American Heritage® Dictionary of the English Language, Fourth Edition
- n. The state or quality of being instrumental.
- n. A means; an agency.
- n. A subsidiary branch, as of a government, by means of which functions or policies are carried out.
Century Dictionary and Cyclopedia
- n. The state or character of being instrumental; subordinate or auxiliary agency; agency of anything as means to an end.
- n. An instrumental means or agency; something serving as an instrument; as, preaching is the great instrumentality in the spread of religion.
- n. uncountable The quality or condition of being instrumental; serving a purpose, being useful.
- n. countable (law) A governmental organ with a specific purpose.
- n. countable Something that is instrumental; an instrument
GNU Webster's 1913
- n. The quality or condition of being instrumental; that which is instrumental; anything used as a means; medium; agency.
- n. a subsidiary organ of government created for a special purpose
- n. an artifact (or system of artifacts) that is instrumental in accomplishing some end
- n. the quality of being instrumental for some purpose
- From instrumental + -ity. (Wiktionary)
“So in the quickening of the dead to spiritual life, human instrumentality is employed first to prepare the way, and then to turn it to account.”
“Yes, the notion of instrumentality is handled differently in Slavic languages.”
“He was able to communicate with Jehovah himself, and the simple instrument that he used was one that is always in vogue with the human race, that is, the instrumentality of prayer.”
“Mr. Samantar, who now lives in Fairfax, Va., contends that because he was prime minister or defense minister from 1980 until the Somali regime's 1991 collapse, he was an "instrumentality" of government and thus immune from liability.”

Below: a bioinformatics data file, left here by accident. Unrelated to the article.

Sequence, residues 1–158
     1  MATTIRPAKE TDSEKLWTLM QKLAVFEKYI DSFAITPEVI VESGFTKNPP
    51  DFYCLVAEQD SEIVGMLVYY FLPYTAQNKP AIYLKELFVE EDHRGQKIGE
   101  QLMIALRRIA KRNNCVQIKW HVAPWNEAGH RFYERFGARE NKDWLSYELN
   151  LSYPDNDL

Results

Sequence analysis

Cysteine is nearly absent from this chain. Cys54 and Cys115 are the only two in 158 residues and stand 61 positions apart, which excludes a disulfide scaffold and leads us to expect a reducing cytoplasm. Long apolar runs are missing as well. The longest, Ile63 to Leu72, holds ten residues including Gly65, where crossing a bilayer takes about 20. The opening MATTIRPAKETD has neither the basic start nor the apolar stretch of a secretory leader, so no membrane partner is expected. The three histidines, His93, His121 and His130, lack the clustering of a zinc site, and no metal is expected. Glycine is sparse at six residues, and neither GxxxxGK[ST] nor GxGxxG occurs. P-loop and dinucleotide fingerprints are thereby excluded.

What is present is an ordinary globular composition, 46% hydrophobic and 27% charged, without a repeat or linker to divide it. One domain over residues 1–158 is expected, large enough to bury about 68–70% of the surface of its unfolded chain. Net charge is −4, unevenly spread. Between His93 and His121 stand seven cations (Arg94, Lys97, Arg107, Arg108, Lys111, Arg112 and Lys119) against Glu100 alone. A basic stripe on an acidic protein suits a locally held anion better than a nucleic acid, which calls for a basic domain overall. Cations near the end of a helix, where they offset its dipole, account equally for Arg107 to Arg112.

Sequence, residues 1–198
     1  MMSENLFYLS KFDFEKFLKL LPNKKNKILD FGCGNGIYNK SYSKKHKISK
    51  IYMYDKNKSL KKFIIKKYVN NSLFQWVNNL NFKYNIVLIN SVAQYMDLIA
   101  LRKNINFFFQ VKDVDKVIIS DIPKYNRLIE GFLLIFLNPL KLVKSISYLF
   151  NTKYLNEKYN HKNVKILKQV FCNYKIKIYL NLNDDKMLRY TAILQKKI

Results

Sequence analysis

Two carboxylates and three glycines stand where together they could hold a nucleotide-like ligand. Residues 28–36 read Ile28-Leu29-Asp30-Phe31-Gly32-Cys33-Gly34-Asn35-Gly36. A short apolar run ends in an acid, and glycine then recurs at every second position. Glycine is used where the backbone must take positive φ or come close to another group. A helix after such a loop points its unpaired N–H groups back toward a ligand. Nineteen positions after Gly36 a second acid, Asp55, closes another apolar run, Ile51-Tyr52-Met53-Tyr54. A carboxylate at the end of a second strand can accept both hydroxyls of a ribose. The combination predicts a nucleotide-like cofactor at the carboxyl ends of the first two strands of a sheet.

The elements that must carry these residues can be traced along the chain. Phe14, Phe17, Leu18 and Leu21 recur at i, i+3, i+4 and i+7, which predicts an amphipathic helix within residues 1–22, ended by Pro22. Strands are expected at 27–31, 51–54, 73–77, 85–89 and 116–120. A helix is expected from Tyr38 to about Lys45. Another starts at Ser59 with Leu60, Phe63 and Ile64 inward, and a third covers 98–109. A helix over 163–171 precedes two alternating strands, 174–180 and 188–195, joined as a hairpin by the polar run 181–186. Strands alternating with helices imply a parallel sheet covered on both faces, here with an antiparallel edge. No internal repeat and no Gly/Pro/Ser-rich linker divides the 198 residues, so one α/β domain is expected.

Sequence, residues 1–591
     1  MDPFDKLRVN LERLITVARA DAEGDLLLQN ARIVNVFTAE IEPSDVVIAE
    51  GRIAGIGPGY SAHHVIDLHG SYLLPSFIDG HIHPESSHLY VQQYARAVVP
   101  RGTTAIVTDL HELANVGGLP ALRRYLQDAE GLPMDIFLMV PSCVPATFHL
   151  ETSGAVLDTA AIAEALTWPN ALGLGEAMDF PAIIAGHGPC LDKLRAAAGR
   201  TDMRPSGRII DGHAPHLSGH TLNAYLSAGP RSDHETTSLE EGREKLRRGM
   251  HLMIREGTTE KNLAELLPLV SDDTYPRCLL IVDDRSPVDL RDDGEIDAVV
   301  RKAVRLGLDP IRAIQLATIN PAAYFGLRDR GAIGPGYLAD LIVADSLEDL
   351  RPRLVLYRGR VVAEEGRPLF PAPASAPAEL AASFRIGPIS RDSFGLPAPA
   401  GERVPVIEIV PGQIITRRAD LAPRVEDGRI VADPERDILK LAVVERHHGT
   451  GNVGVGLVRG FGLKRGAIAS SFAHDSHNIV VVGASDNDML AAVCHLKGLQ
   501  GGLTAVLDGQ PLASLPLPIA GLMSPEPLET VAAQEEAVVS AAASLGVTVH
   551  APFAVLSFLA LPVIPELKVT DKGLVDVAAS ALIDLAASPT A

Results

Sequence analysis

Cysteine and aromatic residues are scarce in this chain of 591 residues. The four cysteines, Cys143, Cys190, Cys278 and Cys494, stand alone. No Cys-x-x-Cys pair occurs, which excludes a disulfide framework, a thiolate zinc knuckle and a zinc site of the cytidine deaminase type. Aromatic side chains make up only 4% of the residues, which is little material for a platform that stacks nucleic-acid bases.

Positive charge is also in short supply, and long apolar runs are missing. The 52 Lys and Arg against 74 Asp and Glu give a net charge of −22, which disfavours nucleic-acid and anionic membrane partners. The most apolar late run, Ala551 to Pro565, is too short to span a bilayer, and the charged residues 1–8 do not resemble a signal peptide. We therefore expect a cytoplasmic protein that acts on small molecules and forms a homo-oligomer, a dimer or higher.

“Unconstrained by, indeed necessarily opposed to, any normative set of ends or social frameworks, classical liberalism's model of individual, competitive agency understands its flourishing to be premised on the absence of external constraints and obligations and on its positively merging utilitarianism's notions of "instrumentality" and "efficiency.”
“The so-called norms of the market, such as instrumentality and fungibility, come in varying degrees and characterize not only market, but also nonmarket, relationships, including friendship.”
“This meant a motor vehicle constituted an "instrumentality" of the offences of driving under the influence of liquor and could thus be forfeited to the state in terms of the Act. However, the Bloemfontein court also held a vehicle driven in these conditions was not liable to forfeiture in every case.”
“The word "instrumentality" does not appear in this context in the Belgian report.”
“That was the setting-in of a new current for his ambition, directing his prospects of "instrumentality" towards the uniting of distinguished religious gifts with successful business.”
“The secret processes on which the successful result depends are altogether beyond my reach, and in the hands of God, and he can just as easily bless one kind of instrumentality as another.”
Gentle Measures in the Management and Training of the Young Or, the Principles on Which a Firm Parental Authority May Be Established and Maintained, Without Violence or Anger, and the Right Development of the Moral and Mental Capacities Be Promoted by Methods in Harmony with the Structure and the Characteristics of the Juvenile Mind
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